Could the strength of gravity have been different in the past? How can we tell that gravity has never changed?
In an earlier post I wrote about how light moves at a single universal speed. Not only has this been well observed experimentally, it forms the foundation for the theories of special and general relativity, which are also well supported by experiment. Often, relativity is summarized as “nothing can travel faster than light.” Which raises the interesting question, what about gravity?
Newton’s law of gravity takes a bit of calculus to really wrap your head around it, but the basic relation is very simple. Every pair of masses in the universe experiences a mutual gravitational attraction, each feeling the pull of the other’s gravitational field. The force of attraction is mutual, which leads to some interesting consequences. For example, when you …
Yesterday’s post on testing the assumption that photons are massless raised a few questions for readers. One of the most common was the idea that the gravitational lensing of light must mean that photons have mass. After all, if a star or galaxy can deflect light gravitationally, doesn’t that mean the light is gravitationally attracted to it? If that is the case, doesn’t that mean that light has mass?
We often refer to gravity as a gravitational field because it can be described mathematically as a field. That is, each each point in space and time has certain characteristics, and they are related to each other through field equations. For gravity, the field equations are the equations of general relativity. Lots of physical quantities can be described as fields, including electromagnetism and quantum objects. Fluids are also described mathematically as fields. With a flow of water or air, for example, every point has properties such as pressure and speed, and they are related by equations of fluid dynamics.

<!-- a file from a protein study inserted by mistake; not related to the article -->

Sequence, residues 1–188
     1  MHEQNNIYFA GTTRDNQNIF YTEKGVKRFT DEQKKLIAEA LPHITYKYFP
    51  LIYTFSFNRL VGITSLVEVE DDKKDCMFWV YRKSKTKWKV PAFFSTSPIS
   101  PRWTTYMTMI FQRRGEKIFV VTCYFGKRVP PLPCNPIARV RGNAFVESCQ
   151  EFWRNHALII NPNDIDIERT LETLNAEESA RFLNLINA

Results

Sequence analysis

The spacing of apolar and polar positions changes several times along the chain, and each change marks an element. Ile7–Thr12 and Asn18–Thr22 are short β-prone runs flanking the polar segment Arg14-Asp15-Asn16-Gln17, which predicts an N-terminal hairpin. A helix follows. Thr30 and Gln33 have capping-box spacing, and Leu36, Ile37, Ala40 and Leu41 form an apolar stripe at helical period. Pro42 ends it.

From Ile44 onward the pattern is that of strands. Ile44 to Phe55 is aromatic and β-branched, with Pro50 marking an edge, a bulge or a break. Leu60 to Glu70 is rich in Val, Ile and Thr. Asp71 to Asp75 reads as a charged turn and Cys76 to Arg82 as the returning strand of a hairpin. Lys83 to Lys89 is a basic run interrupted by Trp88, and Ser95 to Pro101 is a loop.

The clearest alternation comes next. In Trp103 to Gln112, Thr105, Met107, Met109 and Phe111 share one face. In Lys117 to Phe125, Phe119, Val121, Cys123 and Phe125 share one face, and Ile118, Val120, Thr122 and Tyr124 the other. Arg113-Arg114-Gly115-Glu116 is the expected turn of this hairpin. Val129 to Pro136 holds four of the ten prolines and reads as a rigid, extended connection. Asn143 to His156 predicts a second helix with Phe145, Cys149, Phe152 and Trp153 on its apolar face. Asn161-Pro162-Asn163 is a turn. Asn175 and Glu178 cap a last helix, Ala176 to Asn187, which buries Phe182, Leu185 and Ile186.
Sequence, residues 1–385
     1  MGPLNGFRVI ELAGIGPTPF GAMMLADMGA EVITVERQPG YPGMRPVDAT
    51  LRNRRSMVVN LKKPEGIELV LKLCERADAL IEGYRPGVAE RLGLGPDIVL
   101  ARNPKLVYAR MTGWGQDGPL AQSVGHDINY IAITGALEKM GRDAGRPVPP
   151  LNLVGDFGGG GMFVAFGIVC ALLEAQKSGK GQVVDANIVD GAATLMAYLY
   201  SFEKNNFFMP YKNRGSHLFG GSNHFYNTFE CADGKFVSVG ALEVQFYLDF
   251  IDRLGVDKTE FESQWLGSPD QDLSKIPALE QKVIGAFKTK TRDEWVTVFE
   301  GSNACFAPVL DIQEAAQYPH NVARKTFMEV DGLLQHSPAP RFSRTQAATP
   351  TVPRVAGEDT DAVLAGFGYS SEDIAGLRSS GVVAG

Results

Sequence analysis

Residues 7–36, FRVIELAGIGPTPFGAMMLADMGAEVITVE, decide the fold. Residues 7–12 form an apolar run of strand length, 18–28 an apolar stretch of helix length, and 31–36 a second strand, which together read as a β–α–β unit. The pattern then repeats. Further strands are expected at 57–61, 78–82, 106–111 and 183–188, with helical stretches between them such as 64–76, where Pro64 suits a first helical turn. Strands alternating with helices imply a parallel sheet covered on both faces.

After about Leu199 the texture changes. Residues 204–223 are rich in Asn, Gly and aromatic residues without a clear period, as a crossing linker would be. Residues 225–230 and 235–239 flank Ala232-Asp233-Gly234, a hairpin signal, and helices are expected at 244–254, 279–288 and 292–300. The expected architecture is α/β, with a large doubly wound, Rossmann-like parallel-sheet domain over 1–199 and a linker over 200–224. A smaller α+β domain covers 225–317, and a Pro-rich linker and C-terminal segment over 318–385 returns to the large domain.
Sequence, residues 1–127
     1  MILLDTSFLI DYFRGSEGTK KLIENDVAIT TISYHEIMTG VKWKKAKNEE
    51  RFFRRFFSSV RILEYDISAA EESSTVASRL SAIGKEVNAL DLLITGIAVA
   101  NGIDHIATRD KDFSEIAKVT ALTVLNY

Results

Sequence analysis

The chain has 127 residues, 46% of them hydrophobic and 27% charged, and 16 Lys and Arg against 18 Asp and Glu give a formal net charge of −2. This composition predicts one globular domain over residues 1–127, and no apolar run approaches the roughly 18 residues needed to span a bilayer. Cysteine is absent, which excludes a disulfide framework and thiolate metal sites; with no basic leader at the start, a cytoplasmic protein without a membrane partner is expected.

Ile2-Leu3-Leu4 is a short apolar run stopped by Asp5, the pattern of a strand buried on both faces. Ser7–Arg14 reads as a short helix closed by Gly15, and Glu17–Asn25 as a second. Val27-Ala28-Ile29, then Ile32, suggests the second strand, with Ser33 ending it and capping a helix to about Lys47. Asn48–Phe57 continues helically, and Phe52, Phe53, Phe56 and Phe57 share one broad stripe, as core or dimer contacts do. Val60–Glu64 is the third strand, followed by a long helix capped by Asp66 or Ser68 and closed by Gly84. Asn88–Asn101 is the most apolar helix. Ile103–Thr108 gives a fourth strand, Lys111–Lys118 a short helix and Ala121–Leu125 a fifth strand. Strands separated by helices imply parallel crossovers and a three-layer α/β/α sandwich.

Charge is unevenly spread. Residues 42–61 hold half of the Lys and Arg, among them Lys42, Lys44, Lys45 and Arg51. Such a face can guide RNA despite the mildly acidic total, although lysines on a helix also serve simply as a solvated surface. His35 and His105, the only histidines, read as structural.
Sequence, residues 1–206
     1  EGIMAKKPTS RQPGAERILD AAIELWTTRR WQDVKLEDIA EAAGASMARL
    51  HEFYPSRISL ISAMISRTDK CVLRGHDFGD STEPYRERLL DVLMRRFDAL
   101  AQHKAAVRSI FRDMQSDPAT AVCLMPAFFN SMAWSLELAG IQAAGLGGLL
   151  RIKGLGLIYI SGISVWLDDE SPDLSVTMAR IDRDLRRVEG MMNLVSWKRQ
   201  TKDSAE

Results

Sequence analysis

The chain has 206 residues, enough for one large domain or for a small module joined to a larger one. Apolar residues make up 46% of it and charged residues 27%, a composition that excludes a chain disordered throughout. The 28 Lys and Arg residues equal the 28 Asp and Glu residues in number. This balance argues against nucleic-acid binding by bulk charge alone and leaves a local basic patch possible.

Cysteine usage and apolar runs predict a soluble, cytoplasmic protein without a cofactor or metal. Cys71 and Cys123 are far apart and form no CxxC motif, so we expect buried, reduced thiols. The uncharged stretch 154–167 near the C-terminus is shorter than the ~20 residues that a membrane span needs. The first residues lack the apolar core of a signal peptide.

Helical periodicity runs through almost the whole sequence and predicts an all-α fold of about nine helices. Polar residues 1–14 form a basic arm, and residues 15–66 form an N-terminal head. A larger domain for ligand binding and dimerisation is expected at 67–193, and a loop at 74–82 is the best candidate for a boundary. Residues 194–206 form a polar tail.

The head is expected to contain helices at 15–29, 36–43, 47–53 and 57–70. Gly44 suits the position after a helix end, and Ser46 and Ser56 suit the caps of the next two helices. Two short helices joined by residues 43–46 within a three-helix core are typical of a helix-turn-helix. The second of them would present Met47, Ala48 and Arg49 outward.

Newton’s law of gravity states that between any two masses there is a gravitational force. The strength of that force depends not only on the masses, but on the distance between those masses, following what is known as an inverse square relation. Newton felt that this inverse square relation was exact, but is it?
The popular press has been abuzz about a new proposal to use the solar system to test string theory. Turns out that is a bit over-hyped. The actual paper, published in Classical and Quantum Gravity outlines an idea to use the motion of planets and moons to test what is known as the equivalence principle. The reason string theory gets mentioned …
Gravitational potential is a nice mathematical way to describe the effects of gravity on an object. You can get an idea of how gravitational potential is related to gravity by imaging a ball on field of rolling hills.
By the principle of general relativity, free fall under gravity and the absence of gravity feel the same because they are the same. The idea seems ridiculous because we can see the space station orbit the Earth, so something must be pulling it. But remember that space and time are not absolute.